SPOKANE, Wash. — Members of the Spokane City Council and the Spokane Police Department are at odds over the release of body camera footage.
City Council President Ben Stuckart told KREM that city council members were asked to sign a non-disclosure agreement to view the body camera footage.
The Inlander reports that the footage depicts an arrest from last February where officers apprehended a suspect inside of a stopped car by using “extremely aggressive” tactics.
According to a source interviewed by the Inlander, the officers allegedly “used profanity and made numerous threats to kill the suspect while outside of the vehicle.”
KREM has reached out to the Spokane Police Department for more information about the footage and arrest.
Stuckart told KREM that council member Karen Stratton received a call from a citizen who had heard about the incident through sources within the police department. From there, Stuckart contacted the Police Ombudsman Bart Logue to confirm that he was aware of the footage.
Stuckart said Logue watched the footage before sending an email to the police department. He added that the ombudsman said he had never seen anything like the footage before.
“He was very disturbed that an internal investigation hadn’t been opened and recommended the council see it [the video] as soon as possible,” Stuckart said.
“I trust his [Logue’s] judgment on issues like this,” Stuckart added.
Stuckart also told KREM that the police department did not open an Internal Affairs Investigation into the contents of the video until a citizen contacted the ombudsman, which he called a “hole in the oversight protocol.”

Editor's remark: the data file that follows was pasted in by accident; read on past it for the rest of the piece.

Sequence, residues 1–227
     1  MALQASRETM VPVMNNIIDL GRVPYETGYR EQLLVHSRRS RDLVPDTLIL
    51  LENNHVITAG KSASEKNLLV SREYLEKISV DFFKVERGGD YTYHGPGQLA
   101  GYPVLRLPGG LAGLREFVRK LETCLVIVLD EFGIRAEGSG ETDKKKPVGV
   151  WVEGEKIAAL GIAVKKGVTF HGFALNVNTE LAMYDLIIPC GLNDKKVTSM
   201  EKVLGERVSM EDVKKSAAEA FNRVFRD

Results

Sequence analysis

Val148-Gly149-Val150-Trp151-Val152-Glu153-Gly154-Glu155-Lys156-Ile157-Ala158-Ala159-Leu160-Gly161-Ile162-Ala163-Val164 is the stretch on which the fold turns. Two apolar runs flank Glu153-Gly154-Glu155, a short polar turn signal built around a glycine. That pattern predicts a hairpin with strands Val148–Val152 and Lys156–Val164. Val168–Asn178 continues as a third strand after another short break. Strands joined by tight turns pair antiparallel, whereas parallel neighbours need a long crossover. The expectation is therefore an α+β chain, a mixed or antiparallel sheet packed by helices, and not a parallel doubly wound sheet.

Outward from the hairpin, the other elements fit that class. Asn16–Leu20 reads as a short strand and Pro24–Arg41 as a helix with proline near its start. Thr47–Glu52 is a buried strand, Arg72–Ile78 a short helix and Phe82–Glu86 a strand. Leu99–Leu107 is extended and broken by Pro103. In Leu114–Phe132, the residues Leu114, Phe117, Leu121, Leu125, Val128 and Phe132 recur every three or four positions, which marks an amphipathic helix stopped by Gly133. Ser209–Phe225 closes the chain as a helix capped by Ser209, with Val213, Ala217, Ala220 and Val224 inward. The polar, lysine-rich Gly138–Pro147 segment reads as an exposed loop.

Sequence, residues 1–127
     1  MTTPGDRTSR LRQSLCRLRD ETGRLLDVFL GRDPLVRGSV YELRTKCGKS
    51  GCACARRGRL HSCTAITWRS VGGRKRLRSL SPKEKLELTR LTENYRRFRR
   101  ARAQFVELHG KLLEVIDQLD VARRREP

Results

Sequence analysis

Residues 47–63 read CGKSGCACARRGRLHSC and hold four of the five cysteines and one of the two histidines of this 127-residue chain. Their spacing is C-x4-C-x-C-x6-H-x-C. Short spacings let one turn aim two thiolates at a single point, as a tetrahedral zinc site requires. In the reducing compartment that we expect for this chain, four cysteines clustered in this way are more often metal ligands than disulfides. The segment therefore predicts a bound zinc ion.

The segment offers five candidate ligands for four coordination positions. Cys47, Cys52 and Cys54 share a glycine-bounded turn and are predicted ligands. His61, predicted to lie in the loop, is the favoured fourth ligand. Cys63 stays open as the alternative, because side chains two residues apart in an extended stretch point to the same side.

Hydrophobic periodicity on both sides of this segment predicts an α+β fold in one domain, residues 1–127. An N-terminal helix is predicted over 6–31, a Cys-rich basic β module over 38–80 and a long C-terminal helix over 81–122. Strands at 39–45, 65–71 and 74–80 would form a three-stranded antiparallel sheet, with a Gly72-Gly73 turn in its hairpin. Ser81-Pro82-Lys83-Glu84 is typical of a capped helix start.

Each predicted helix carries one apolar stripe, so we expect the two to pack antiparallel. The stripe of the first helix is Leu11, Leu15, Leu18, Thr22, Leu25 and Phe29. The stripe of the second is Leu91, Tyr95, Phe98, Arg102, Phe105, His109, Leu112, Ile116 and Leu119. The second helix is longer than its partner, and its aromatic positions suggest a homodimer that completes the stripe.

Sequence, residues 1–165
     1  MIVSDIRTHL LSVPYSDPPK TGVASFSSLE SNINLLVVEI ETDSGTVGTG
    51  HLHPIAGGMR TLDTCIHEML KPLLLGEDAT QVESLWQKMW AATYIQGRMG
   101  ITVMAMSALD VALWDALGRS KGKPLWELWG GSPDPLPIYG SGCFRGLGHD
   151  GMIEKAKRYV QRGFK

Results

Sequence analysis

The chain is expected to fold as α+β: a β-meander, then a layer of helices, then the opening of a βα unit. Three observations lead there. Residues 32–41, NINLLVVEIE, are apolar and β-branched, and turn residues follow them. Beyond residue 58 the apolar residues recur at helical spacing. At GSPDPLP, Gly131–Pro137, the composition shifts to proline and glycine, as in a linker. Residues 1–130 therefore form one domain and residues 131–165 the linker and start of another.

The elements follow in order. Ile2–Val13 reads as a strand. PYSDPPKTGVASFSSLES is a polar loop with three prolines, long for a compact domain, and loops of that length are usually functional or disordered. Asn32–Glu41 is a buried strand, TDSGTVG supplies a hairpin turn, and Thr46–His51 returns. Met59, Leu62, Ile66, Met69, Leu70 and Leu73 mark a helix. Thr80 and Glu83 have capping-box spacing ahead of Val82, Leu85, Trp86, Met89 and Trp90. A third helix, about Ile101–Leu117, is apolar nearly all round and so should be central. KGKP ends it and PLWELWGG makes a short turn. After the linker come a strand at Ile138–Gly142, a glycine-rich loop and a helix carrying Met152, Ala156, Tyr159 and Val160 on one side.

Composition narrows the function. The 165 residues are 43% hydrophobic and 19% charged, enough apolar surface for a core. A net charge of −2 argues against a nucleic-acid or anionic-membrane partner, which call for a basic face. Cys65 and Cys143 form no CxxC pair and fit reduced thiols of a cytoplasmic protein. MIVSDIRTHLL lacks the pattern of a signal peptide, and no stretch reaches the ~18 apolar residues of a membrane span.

KREM has also reached out to the Spokane Police Department for details regarding the Internal Affairs Investigation.
Both Stratton and council member Breann Beggs sent Spokane Police Chief Craig Meidl a letter asking to see the footage, Stuckart said. The city council was supposed to view the video on Thursday before they learned that they were expected to sign a non-disclosure agreement.
“There’s no precedent for that. There’s nothing in the [Spokane] Police Guild agreement that the council voted on,” Stuckart said.
Stuckart said that city council members did not agree to sign the non-disclosure agreement.
City spokesperson Marlene Feist said the city council's request to view the body camera footage prior to the conclusion of an Internal Affairs Investigation is not allowed by the general body camera policy.
"As a result, the Chief worked with the Police Guild to develop an agreement to allow Council to see this footage outside of the policy constraints. That agreement required that Council Members sign non-disclosure agreements to see the footage outside the normal policy," Feist said to KREM in a statement.
The incident is indicative of a problem with transparency within the police department, Stuckart said.
“We’ve come a long way as a city on police accountability and I really think transparency is the most important thing we can do as elected officials,” he added.
This is a developing story. It will be updated as new information is made available.